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Liberals from Massachusetts:

It's always hard to tell about this, but it seems possible that the Ohio amendment banning same-sex marriage brought more religious conservatives to the polls, perhaps enough to make the difference — or at least to contribute substantially to the difference — in the close presidential race there. It's not certain; among other things, some speculate that this may have brought out many black voters who are anti-same-sex-marriage but who vote Democratic.

Still, if it's so, then it suggests that the Goodridge decision, by making people feel that traditional marriage rules are in jeopardy from courts, may have ended up costing (or helping cost) Kerry the election. And the decision may have had a similar effect not just in Ohio, but in other close states in which some voters associated Democrats with likely support for same-sex marriage, and assumed that Kerry appointees would be more likely than Bush appointees to implement Goodridge on the federal level.

Now, as I've blogged before, I'm tentatively in favor of allowing same-sex marriage; I would have voted against the Ohio ballot measure. And of course if one thinks that the Constitution really should be interpreted to ban opposite-sex-only marriage, then one may well support courts' deciding this, come what may. But I think that even supporters of same-sex marriage should recognize the possible political backlash that may come from such decisions being made by judges, based not on text or history, but on a moral argument (about the constitutional equality of same-sex and opposite-sex marriage) that faces broad, nationwide opposition.

UPDATE: John Fund in OpinionJournal's Political Diary takes a similar value. Likewise, my student Sean Hayes, whose parents are from Ohio, says that the anti-same-sex-marriage initiative was indeed a big issue there, and he thinks it could have indeed swayed 130,000 votes, and another reader makes the same point. Impossible to tell for sure, of course — but it does seem like this election might indeed have turned on the anti-Goodridge backlash.

Related Posts (on one page):

  1. More on Ohio and same-sex marriage:
  2. Liberals from Massachusetts:
More on Ohio and same-sex marriage:

Two conflicting reports. Patrick Lewis, a former student of mine who now practices in Ohio, writes:

I disagree that Issue 1 [the anti-same-sex marriage measure] was decisive for Bush. Indeed, locally, one of the big stories was how the black vote was split — they voted for Kerry and against Issue 1. Indeed, many Catholic voters here apparently did the same thing (around here, Catholic voters tend to be unionized workers).

Issue 1 was promoted in Ohio by Republican elected officials (most notably Ken Blackwell, who is the Sec[retary] of State . . .), but it's not altogether clear that Issue 1 actually had the effect of bringing Bush supporters to the polls. The gay marriage issue in general may have fired them up; but I'm sure it fired up religious conservatives all over the country, and was unrelated to Issue 1 in Ohio specifically. We're going to have to wait for more polls and exit surveys to come out and be analyzed to say for sure, but I would have to say that the war on terror, Iraq, and the economy were the 3 driving issues.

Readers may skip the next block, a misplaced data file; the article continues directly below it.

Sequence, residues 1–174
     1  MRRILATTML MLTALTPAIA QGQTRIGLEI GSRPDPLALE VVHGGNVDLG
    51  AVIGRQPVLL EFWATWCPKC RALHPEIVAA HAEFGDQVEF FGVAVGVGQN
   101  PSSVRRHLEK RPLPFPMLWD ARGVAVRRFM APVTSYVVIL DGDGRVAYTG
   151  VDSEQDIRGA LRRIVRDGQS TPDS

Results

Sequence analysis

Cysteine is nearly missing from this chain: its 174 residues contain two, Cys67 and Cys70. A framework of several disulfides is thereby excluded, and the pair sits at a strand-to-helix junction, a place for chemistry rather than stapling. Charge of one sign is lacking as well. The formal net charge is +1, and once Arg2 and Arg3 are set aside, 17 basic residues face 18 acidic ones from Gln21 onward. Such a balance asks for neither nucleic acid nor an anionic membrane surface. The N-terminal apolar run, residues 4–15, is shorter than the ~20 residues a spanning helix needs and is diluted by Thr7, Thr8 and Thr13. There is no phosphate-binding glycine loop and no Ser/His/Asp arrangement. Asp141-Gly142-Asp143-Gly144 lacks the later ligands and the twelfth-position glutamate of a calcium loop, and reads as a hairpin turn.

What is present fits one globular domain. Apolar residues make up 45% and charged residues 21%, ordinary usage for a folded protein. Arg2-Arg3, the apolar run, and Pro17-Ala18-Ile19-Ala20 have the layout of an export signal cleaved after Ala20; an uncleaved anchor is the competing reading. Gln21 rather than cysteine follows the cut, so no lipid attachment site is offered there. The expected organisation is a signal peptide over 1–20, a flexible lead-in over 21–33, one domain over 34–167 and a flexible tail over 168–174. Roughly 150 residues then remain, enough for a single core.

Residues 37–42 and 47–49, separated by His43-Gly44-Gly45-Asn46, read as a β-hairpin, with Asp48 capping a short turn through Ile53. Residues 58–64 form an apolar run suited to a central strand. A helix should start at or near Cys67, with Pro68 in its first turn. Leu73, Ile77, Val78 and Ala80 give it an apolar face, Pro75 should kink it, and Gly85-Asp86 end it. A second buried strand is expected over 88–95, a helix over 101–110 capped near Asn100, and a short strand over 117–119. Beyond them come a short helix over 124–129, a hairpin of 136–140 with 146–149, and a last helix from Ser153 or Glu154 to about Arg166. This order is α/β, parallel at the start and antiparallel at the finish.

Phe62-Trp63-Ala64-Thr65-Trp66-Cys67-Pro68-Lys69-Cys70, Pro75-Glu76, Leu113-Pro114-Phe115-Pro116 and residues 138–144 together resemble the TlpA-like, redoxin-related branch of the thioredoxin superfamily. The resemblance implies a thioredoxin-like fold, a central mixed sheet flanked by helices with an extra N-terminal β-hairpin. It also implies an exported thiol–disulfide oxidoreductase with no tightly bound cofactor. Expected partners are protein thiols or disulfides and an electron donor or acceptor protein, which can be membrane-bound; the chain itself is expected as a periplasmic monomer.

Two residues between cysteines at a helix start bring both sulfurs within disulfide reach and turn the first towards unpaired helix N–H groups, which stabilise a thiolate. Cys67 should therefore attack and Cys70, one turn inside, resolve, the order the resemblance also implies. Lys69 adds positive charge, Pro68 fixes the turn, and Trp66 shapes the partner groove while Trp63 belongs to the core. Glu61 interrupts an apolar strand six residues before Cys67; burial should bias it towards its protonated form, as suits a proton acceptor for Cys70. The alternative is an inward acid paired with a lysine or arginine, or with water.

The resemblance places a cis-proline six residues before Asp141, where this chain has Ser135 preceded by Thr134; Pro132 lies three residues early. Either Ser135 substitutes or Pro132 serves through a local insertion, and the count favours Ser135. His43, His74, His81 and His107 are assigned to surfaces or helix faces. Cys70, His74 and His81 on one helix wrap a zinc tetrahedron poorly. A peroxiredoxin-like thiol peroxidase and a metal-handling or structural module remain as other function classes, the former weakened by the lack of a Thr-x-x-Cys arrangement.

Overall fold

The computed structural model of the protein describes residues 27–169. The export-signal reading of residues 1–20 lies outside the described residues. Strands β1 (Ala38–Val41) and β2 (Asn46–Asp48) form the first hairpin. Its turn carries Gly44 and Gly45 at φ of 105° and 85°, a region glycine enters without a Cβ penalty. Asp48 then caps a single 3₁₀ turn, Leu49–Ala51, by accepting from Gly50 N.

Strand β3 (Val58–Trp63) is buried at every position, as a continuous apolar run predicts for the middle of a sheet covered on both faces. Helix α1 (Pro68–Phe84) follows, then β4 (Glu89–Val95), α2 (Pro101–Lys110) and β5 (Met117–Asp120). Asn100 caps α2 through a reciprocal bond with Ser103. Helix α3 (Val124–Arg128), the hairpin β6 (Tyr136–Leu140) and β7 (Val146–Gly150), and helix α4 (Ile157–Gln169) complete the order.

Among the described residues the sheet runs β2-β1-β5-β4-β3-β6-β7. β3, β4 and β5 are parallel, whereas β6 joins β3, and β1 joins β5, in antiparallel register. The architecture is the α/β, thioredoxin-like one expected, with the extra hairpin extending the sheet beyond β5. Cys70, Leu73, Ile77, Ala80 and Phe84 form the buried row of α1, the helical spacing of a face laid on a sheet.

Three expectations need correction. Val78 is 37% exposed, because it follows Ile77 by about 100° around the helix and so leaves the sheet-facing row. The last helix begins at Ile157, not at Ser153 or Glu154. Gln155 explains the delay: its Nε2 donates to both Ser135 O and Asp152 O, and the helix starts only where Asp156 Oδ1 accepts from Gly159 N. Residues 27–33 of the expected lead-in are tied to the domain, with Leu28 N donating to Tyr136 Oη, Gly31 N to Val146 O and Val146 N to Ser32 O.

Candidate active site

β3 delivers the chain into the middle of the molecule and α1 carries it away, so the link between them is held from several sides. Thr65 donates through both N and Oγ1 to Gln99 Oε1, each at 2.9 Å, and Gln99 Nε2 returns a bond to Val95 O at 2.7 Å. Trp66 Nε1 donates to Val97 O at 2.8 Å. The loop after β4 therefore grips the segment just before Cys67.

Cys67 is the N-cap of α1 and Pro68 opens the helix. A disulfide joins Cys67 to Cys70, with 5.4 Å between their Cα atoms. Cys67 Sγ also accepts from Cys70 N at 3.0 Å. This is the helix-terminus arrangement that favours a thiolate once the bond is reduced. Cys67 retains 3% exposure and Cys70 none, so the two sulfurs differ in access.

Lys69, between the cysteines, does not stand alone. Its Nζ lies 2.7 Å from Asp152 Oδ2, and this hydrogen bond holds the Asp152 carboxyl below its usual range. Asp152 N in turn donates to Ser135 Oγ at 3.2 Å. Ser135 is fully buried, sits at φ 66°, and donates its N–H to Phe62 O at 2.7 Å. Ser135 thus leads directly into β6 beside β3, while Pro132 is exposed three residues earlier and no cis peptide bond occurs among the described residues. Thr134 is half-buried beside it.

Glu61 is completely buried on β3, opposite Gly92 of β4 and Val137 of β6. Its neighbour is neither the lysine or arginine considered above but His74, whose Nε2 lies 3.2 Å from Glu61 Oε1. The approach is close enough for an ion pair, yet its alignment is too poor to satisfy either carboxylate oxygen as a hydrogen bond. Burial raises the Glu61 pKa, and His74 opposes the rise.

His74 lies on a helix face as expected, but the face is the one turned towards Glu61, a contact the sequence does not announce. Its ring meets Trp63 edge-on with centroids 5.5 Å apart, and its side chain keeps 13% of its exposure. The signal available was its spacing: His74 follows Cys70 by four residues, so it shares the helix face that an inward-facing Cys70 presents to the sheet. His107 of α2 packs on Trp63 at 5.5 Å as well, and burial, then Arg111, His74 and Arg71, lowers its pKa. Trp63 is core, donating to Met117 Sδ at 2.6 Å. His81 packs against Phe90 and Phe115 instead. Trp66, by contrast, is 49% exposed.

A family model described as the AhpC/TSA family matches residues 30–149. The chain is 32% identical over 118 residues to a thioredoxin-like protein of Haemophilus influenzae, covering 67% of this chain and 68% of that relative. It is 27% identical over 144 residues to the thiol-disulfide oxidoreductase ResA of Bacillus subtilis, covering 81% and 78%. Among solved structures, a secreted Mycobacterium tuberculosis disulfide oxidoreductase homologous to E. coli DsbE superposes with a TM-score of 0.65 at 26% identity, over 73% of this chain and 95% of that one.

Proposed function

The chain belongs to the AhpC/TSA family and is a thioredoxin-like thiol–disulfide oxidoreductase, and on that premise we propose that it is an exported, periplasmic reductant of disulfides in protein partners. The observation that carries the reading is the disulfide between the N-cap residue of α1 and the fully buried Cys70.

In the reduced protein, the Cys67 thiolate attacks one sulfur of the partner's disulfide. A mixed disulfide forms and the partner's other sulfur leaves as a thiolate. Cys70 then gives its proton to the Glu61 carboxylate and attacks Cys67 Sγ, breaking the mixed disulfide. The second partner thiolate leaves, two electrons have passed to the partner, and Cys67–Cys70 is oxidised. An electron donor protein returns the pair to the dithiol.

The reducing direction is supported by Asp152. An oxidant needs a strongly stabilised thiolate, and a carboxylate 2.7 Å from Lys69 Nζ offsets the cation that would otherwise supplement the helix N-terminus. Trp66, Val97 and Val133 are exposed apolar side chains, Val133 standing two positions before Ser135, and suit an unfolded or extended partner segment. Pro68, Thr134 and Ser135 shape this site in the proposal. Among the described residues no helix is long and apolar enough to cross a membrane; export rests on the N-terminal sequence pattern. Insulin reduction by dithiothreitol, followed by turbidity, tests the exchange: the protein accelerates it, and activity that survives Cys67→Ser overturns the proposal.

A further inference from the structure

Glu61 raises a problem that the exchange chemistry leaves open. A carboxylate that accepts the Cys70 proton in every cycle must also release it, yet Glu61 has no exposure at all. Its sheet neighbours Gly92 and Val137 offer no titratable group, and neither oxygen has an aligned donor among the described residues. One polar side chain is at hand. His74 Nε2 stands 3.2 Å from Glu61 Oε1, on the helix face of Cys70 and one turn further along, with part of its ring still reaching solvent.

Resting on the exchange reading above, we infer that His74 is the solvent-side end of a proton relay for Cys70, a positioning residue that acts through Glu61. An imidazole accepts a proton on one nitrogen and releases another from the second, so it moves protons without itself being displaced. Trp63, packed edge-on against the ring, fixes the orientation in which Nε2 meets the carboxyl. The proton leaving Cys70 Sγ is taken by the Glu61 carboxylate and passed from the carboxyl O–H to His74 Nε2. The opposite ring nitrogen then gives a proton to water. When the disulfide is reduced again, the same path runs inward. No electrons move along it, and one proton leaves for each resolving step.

On the other hand, Prof. Bill Nancarrow at Curry College in Massachusetts — not an Ohioan, but then again neither am I — writes:

I told my classes . . . that as far as the electoral college goes, at least (probably less so the popular vote), you have four people to thank/blame for Ohio-the four majority justices of the Mass SJC in Goodridge. While my research on the politicization of legal issues is from the early 20th century (in Ohio, even), as soon as I saw the Goodridge case I thought "backlash." Yes, these things are difficult to gauge, but when I saw the overwhelming support for the amendment banning same-sex marriage in Ohio yesterday, I could have called the state for Bush. I told all my gay friends who were cheering over Goodridge to be careful what they wished for. The justices were way out in front of "the people" on this, and now they have 11 states with constitutional amendments prohibiting the very measure they (and I) supported. The SJC, at least for the foreseeable future, set their cause back, rather than advancing it. Moreover, I believe the "Goodridge effect" likely influenced the outcome of the election.

So there you have it. The votes from Ohio still seem to be running in favor of the "yes, Goodridge likely did influence the Ohio vote and help Bush" position (see the related post noted below), but I can't say I've got a statistically valid sample here . . . .

Related Posts (on one page):

  1. More on Ohio and same-sex marriage:
  2. Liberals from Massachusetts: